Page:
One of the major challenges we face in our world today is sustainability. The current ways in which we live have a detrimental impact on future generations and it’s time to step up and face this issue head-on.
But what does sustainable living even mean?
Although there may be different interpretations of these words, it essentially means living in a way that meets our basic needs for food, water, shelter, and resources without compromising or harming the environment or people around us.
Living in Beijing poses its own challenges for living sustainably. One of the biggest ones is the convenience and ease of having everything delivered to your doorstep, which makes things a little harder from a sustainability point of view. So how do we get around these issues and find a way to reduce our impact on the environment?
To get some ideas and insights on the matter, I interviewed two expat families who are putting in the hard yards and leading the way.
The Nicolier Family
Singaporean mom Junice recently moved to Beijing in November 2018 with her Swiss husband Vincent and two little boys, Kai En and Li En. Junice has worked as a sustainability consultant for around a decade and likes to maintain at home some basic principles she has learned through her work.
When did your family’s journey towards sustainability begin?
Sustainability has been at the top of our minds now for many years as I work in the field, but after having children it became even more important for my husband and me to impart our kids with values that were reflective of living sustainably.
We are all so aware of what’s going on in the world through the media, what we hear and see around us, it’s hard to ignore the facts. Our kids are privy to this information on a much greater scale than we used to be, and it’s important for them to understand what’s going on and how we can make a more positive impact.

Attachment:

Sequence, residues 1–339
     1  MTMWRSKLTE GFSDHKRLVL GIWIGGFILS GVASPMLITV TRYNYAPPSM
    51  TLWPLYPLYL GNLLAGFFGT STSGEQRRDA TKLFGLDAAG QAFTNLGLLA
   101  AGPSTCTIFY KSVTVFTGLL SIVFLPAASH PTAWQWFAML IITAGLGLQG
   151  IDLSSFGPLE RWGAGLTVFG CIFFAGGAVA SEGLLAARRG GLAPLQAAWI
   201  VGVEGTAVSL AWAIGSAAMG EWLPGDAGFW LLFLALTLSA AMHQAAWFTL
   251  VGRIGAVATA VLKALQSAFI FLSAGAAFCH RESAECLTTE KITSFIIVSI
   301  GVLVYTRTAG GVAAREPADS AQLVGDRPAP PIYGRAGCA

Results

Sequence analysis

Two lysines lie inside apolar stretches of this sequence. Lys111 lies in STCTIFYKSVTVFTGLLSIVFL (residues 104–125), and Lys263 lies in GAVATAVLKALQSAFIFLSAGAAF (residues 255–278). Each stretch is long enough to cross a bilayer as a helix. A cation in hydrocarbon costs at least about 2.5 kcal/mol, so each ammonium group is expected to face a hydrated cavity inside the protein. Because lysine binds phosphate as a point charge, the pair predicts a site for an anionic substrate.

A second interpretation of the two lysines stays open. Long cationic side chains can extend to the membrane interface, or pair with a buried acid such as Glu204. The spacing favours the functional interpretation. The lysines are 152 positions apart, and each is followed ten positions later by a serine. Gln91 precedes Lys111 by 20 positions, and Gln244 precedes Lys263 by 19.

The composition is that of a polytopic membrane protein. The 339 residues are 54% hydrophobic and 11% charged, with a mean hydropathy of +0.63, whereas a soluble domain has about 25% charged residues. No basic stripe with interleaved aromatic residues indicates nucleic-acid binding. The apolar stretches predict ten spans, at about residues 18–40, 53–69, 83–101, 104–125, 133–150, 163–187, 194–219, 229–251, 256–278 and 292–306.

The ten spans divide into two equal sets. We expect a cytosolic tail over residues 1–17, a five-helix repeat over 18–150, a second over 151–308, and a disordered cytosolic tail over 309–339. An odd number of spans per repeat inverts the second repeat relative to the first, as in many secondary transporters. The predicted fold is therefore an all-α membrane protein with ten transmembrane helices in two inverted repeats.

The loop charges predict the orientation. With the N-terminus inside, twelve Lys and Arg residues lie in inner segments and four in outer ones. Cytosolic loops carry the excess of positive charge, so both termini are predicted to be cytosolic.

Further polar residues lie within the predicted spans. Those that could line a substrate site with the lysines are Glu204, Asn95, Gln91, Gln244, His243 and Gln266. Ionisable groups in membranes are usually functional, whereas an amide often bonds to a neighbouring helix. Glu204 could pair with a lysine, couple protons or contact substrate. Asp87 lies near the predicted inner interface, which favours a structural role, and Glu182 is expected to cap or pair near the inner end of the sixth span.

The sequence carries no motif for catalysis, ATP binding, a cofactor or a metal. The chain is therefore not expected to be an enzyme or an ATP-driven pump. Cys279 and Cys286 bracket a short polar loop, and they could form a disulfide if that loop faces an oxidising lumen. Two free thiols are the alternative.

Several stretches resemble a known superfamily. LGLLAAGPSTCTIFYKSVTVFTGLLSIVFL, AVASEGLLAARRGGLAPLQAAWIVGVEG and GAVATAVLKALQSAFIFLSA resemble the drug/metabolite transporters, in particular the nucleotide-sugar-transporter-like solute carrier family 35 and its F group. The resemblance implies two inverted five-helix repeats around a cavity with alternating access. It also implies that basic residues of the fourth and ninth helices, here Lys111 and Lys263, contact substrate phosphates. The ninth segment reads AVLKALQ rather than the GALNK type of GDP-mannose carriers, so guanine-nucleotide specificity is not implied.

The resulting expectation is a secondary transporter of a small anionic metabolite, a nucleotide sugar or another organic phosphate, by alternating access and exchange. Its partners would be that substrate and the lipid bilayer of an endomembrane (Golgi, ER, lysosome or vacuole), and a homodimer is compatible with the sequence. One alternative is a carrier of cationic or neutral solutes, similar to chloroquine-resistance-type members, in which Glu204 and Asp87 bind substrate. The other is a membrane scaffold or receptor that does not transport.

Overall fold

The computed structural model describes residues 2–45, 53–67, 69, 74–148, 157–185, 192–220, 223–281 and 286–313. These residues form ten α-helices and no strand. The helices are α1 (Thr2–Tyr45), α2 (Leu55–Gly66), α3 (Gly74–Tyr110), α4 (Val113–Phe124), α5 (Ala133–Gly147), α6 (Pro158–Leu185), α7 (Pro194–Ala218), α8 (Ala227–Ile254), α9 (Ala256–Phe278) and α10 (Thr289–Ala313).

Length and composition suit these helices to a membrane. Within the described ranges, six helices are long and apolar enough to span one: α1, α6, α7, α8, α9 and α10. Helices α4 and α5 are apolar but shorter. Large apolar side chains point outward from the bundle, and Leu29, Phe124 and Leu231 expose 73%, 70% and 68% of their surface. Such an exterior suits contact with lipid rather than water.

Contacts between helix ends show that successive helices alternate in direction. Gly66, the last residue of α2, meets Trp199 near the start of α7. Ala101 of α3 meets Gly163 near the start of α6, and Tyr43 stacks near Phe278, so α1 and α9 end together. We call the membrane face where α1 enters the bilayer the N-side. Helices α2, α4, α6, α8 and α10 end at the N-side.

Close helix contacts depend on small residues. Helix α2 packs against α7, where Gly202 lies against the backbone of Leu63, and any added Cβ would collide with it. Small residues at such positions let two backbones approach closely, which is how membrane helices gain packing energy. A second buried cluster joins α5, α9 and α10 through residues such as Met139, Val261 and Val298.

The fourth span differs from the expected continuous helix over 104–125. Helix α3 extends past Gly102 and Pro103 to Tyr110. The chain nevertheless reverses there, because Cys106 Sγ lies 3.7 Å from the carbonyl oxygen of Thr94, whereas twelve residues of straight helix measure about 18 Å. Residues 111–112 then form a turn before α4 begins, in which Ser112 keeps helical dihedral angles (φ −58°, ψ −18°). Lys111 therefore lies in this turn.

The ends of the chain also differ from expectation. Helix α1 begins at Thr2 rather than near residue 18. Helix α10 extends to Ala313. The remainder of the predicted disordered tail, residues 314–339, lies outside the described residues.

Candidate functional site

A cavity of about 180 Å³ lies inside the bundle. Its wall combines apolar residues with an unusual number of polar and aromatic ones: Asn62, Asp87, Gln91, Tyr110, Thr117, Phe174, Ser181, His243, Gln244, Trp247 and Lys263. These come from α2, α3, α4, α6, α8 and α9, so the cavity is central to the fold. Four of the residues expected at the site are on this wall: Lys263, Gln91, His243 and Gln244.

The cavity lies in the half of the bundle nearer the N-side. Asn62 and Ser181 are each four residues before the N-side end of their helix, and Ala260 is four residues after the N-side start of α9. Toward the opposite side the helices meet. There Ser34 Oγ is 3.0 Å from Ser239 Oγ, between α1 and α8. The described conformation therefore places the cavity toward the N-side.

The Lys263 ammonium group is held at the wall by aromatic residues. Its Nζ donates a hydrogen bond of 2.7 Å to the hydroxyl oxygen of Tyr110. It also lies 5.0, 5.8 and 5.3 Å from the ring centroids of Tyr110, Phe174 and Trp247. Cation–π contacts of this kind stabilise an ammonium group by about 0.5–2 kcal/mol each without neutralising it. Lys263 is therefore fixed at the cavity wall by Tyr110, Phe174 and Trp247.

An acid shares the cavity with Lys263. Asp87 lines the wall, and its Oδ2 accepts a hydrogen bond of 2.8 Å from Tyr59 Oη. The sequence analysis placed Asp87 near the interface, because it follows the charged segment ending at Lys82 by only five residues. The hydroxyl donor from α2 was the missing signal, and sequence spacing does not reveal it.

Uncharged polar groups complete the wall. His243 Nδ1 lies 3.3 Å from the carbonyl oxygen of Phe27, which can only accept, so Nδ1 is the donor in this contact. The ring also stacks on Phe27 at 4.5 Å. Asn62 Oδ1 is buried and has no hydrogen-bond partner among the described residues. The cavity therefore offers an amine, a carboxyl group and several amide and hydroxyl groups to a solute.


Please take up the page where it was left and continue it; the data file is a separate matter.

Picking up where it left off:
Over the past five years, as our little family has grown, we’ve built a bit of momentum in our sustainability endeavor by following some basic principles such as these:
– Reduce our consumption. Every time we need to buy something, we ask ourselves “do I really need this?” We also minimize food takeaways by cooking at home as much as possible.
– Refuse. Don’t accept plastic containers wherever possible. Take our own bags and containers when shopping.
– Reuse. Find ways to re-purpose items instead of throwing them out. Get creative! We use our son’s drawings on paper as gift wrapping. It’s both personal for the gift recipient and a way to cut down on buying useless wrapping paper.
If we’re all able to manage the waste within our households better and more effectively, that’s a great step ahead for sustainability from the inside out.
What does a sustainable family look like to you?
To me, a family that is aware and in control of what they consume and how they manage their waste within their household and community is a sustainable family. Another big part of sustainability I’d like to talk about “Social Impact”. By this I mean, how do we care for and treat the people that serve us? For example, many of us have helpers like ayis and drivers, we’ve got kuaidi workers bringing us goods, taxi drivers, all those people that make our lives easier. How do we enable them to have better and sustainable livelihoods too?